In addition to affecting customer perception, employee productivity and safety, the type of lighting system you choose will determine your long-term energy consumption, replacement and maintenance costs. Georgia Power can provide you with the information and tools you need to gain maximum value for your lighting investment.
High Pressure Sodium Systems
High pressure sodium (HPS) lamps are the most efficient member of the HID family where some degree of color rendition is important. Standard HPS lamps produce a golden white light when they reach full brightness. Many recognize them as the familiar golden light from street lights, one of their principal applications. There are versions of the HPS lamp designed for indoor use with improved color over standard HPS lamps, but the improvements come at the cost of shorter lamp life and lower efficacy. These lamps are now a readily accepted light source in industrial plants and also are being used in many commercial and institutional applications.
Advantages vs. Disadvantages
- Most efficient member of the HID light family, 7 times as efficient as incandescent and over 2 times as efficient as mercury vapor.
- Warm-up period is 3-4 minutes, which is somewhat less than that of a mercury vapor or metal halide lamp.
- Long lamp life — 24,000 hours.
- Excellent lumen maintenance.
- Wide range of lamp types with wattages ranging from 35 to 1000 watts.
- Most HPS lamps can operate in any position.
- The light produced is a golden white color, which may not be appropriate for certain applications.
- Requires a ballast.
- Once started can take from five to ten minutes to reach full light output. They also require at least a one minute cool-down to re-strike.
- End of life is characterized by on-off-on cycling, and continued operation can damage the lamp ballast if not replaced quickly.
High Pressure Sodium lamps are recommended in a wide variety of applications including industrial, commercial, street, and security lighting. These lamps are extremely efficient when compared to incandescent and fluorescent and that makes them particularly suited for energy efficiency applications.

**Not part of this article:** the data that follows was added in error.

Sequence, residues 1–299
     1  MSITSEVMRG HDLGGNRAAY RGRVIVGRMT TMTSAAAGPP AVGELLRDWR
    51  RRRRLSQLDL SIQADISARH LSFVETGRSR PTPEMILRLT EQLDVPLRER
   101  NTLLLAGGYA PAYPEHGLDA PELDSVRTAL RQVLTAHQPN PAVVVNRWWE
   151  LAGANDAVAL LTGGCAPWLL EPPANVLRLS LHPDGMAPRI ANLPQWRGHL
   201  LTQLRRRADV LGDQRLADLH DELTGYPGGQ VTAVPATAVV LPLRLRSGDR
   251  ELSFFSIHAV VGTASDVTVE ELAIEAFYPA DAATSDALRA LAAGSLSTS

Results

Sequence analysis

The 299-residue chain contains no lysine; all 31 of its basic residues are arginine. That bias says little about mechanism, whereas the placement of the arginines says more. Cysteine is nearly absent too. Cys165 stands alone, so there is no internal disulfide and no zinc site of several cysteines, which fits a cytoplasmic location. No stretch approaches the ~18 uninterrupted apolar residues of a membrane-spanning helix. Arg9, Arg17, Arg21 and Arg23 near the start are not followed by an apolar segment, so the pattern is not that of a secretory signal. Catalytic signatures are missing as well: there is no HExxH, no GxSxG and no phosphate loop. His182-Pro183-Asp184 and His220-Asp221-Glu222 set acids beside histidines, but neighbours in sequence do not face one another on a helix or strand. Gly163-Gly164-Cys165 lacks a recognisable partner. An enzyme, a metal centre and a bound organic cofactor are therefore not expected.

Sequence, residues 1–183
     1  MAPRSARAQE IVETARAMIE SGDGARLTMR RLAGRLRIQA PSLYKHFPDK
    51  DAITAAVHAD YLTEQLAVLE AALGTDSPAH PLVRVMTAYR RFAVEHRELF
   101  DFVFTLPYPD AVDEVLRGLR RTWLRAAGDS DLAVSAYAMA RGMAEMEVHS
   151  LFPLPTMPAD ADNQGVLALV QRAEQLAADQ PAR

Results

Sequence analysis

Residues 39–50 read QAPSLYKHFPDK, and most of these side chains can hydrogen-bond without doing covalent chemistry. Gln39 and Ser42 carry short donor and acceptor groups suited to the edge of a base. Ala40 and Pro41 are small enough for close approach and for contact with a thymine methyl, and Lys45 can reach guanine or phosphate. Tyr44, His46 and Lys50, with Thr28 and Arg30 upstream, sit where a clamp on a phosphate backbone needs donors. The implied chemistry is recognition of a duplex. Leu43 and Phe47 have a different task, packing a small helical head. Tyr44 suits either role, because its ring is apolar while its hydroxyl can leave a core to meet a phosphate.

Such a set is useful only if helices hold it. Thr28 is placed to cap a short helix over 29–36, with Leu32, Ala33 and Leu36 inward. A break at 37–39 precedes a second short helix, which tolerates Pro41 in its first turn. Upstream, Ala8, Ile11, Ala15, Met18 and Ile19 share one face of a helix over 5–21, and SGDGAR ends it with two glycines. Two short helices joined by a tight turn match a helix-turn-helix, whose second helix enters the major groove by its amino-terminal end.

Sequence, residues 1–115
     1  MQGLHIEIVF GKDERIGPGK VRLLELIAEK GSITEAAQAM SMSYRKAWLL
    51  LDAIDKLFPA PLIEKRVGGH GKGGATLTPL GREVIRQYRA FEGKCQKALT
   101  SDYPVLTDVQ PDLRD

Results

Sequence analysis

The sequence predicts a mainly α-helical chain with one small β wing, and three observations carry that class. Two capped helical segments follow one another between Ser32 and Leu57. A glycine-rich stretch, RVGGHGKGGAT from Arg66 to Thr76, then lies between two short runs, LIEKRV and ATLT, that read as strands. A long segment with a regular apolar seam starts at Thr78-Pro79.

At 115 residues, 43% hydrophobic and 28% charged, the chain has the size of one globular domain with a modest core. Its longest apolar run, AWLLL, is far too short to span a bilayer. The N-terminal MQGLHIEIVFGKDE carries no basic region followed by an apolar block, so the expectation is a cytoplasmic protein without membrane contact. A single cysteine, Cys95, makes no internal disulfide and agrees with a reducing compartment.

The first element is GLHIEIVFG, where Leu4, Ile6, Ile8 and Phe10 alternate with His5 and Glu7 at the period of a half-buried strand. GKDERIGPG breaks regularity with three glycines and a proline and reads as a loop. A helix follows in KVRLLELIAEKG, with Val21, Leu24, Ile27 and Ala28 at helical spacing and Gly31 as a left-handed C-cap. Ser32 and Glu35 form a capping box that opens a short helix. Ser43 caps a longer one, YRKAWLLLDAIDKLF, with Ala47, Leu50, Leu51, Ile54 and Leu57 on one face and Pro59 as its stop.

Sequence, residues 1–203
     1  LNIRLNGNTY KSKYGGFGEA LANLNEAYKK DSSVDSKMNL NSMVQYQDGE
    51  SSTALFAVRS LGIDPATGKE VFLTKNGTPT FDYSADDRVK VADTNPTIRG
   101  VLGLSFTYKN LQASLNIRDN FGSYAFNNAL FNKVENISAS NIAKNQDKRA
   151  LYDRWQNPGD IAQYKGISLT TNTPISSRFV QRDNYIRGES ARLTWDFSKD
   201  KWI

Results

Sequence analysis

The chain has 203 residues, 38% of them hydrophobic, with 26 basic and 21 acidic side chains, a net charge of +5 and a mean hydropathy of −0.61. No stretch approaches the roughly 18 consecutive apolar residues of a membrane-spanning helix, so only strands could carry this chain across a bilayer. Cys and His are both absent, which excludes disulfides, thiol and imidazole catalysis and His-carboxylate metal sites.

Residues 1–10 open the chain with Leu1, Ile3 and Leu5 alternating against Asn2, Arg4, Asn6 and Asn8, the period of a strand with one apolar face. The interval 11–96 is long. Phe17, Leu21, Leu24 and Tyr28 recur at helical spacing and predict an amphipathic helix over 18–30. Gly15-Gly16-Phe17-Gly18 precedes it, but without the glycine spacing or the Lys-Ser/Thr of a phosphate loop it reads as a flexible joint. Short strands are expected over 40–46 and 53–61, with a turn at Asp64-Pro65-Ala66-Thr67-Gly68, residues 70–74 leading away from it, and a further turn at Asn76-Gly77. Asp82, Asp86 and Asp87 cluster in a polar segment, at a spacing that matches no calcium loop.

The wattage at which an HPS lamp operates will vary from its nominal rating depending on the ballast, the supply voltage, the lamp voltage and the fixture design. When planning an HPS installation, it’s important to take these variables into account as the lumen output of the lamp varies with the wattage.
Regardless of operating position, High Pressure Sodium lamps produce the same lumen output. Position also has no effect on other lamp operating characteristics.
With appropriate ballasts, High Pressure Sodium lamps can start at ambient temperatures of -40F and even lower. HPS lamps are designed so that, once the arc has been established, they’ll warm up to full wattage and light output at any temperature.
These lamps also provide high intensity light. This feature is useful for high mounting applications such as street lighting or industrial lighting where fixtures are mounted greater than 15 feet from the workplane.
Recent technological advances have resulted in the introduction of a new color-corrected High Pressure Sodium lamp, which produces light with a dramatically improved color appearance and color rendering properties. In fact, the quality of light from these lamps closely approaches that of incandescent lamps.
Maintenance of lighting systems that are mounted on high ceilings or tall poles outdoors can be very cumbersome and costly. The 24,000 hour lamp life of High Pressure Sodium lamps reduces the frequency of lamp replacement and thus saves maintenance costs.
Compared with fluorescent lighting systems, High Pressure Sodium systems are rather expensive to purchase and install. However, the increased energy efficiency of these systems far outweighs the additional up front cost resulting in achieving payback in just a few years.
Contact us for a detailed list of manufacturers for this equipment.